Coincidence or conspiracy? That's what Davis County Democrats and members of a tax limitation group are wondering over the decision by County Commissioner Glen E. Saunders to withdraw from a re-election bid to the commission in favor of seeking election as county clerk.

The Republicans involved say coincidence, and an unexpected sequence of events, led to the office-changing and race-switching.Saunders, a Republican, announced on April 25 his intent to seek the clerk position, moments after Clerk Michael Allphin, also a Republican, tendered his resignation to take a position with the state district court system. Allphin's resignation is effective May 31, or as soon as a replacement is named by the County Commission.

Some groups have cried foul, saying Saunders' earlier filing for the four-year commission race discouraged others who might have run had he not filed. Saunders had indicated last year that he would not seek re-election in 1988.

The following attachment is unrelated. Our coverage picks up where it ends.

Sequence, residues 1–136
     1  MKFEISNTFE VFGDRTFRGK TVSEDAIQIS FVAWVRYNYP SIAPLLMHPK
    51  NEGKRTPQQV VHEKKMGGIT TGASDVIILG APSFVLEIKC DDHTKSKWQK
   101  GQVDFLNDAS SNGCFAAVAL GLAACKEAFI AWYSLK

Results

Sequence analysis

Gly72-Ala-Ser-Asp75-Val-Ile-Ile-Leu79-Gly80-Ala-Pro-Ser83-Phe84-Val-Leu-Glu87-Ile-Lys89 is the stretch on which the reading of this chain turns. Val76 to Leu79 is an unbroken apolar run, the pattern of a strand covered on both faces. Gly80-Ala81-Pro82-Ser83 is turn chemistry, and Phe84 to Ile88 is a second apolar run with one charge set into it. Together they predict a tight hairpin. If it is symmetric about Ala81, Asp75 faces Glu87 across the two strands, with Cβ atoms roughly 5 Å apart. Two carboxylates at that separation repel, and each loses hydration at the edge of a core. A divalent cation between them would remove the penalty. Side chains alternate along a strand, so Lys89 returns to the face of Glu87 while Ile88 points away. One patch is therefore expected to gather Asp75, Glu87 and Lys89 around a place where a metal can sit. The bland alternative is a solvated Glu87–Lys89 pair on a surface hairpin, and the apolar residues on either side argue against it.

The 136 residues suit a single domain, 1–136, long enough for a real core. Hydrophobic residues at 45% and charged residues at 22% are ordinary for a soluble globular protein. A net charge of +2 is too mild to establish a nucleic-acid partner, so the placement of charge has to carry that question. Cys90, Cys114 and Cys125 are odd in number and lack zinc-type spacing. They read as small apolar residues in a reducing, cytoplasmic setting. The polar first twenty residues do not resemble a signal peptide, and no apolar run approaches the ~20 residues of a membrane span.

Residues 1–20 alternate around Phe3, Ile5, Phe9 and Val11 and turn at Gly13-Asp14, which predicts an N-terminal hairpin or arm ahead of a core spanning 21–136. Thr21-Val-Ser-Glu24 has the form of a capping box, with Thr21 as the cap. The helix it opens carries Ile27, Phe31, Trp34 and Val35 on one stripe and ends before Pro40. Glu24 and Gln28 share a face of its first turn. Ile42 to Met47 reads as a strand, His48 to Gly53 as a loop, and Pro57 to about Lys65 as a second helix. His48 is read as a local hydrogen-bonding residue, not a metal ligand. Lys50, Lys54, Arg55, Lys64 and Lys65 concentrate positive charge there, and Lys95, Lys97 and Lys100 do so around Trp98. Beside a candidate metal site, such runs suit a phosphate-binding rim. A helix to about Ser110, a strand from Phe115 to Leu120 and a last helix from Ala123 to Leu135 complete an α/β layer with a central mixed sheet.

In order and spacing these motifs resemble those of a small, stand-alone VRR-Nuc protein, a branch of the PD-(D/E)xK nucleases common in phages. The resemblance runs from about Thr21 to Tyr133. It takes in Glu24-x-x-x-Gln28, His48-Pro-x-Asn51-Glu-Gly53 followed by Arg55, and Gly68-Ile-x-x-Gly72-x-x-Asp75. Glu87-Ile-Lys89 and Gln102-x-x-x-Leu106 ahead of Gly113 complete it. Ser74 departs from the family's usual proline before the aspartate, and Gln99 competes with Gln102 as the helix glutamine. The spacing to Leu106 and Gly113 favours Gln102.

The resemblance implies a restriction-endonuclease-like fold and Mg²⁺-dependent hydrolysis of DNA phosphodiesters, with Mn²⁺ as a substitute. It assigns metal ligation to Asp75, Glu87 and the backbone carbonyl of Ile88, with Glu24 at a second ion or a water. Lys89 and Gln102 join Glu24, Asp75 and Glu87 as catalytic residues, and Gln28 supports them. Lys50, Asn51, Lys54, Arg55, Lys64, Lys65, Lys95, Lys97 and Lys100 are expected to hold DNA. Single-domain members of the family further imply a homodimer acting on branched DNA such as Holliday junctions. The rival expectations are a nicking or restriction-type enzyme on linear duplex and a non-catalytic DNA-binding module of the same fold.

The timing of Saunders' action, coming just 10 days after the closing of candidate filings, has given rise to speculation that he was aware of Allphin's intended resignation and had no intention of following through with a re-election bid.

Saunders denies the allegations, saying he had no advanced notice that Allphin would receive the court system appointment.

Allphin said his intentions were not related to the commissioners until April 21, the day he received notice that he had the state job. He said the commissioners had known for some time that he was seeking the post, since he applied in January. He said state officials decided to wait until after the Legislature met to fill the post because the Legislature's actions would affect the final implementation of a plan to switch the district courts solely to state control.